September 11. 2018 10:32PM

Last of abused Great Danes find new homes

Union Leader Correspondent

Wanda the Great Dane sprawls on a couch in her new home. (Photos/HSUS)

WOLFEBORO — Almost 15 months after police and representatives of the Humane Society of the United States raided a Great Dane breeding operation, the emergency shelter set up to house the dogs has been closed and all the animals have been adopted, authorities report.

“Today, the Humane Society of the United States has officially closed the doors on an animal shelter we have operated since June 16, 2017,” said Lindsay Hamrick, state director of the nonprofit animal welfare group.

“After two trials and two convictions, all of the adoptable dogs have been placed with loving and experienced forever families or with compassionate foster homes, seeing them through prescribed medical treatments and care.”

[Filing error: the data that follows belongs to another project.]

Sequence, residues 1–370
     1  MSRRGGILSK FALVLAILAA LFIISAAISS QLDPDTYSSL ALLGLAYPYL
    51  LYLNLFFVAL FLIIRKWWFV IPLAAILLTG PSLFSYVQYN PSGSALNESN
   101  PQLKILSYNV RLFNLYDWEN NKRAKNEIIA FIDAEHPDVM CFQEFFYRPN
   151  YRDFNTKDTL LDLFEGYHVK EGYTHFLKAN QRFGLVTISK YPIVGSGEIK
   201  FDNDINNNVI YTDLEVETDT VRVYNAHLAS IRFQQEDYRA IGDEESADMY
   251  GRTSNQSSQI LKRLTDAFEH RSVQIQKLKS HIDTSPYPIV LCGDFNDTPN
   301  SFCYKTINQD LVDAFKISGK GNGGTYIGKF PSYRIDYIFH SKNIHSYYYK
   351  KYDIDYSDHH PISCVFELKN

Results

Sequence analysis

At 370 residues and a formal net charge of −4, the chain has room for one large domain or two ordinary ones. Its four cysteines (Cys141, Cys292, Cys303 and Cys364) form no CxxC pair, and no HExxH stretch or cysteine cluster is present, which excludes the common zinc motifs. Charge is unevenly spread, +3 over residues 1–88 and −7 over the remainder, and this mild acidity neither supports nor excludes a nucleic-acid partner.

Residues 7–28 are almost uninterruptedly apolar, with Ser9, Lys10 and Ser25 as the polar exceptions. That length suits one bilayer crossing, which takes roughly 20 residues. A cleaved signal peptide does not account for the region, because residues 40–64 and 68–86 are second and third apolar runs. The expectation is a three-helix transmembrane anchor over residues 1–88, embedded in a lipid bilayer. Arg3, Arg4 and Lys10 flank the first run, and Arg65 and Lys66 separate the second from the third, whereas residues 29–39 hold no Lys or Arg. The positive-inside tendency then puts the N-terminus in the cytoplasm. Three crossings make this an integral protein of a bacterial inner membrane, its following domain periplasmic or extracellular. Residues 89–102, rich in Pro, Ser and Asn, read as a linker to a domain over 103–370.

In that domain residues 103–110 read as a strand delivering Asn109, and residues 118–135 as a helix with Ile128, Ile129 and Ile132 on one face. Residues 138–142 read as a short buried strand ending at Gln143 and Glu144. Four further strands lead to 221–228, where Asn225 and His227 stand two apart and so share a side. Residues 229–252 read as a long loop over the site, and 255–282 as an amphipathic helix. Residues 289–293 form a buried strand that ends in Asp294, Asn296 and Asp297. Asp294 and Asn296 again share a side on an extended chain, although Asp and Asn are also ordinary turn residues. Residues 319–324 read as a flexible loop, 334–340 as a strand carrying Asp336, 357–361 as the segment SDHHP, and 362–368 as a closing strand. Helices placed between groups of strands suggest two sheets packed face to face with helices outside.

Hamrick said the rescue of the nearly 80 dogs and their care throughout the legal process “has been the most expensive” in the organization’s history.

Hamrick offered the humane society’s thanks to what she described as the “army of people” — more than 500 volunteers, professional canine trainers, and veterinarians — who played a role in helping the dogs heal.

She offered similar praise to the rescue and shelter partners who ensured each dog was paired with the right home. She additionally paid compliments to those who “opened their hearts so that these survivors can finally feel the comfort of a permanent family.”

The dogs’ former owner, Christina Fay, was convicted of 17 misdemeanor counts of animal cruelty and sentenced to nine days in jail, suspended on the condition she undergo counseling.

The 60-year-old also was ordered to pay approximately $1.9 million to the Humane Society of the United States to reimburse the group for what it says it spent caring for the animals. The final amount is subject to terms to be negotiated between the state and the defense.

The judge also awarded the Wolfeboro Police Department $18,682.88. The department seized the dogs from Fay’s 149 Warren Sands Road home.

Fay has filed an appeal with the New Hampshire Supreme Court. Oral arguments have not yet been scheduled.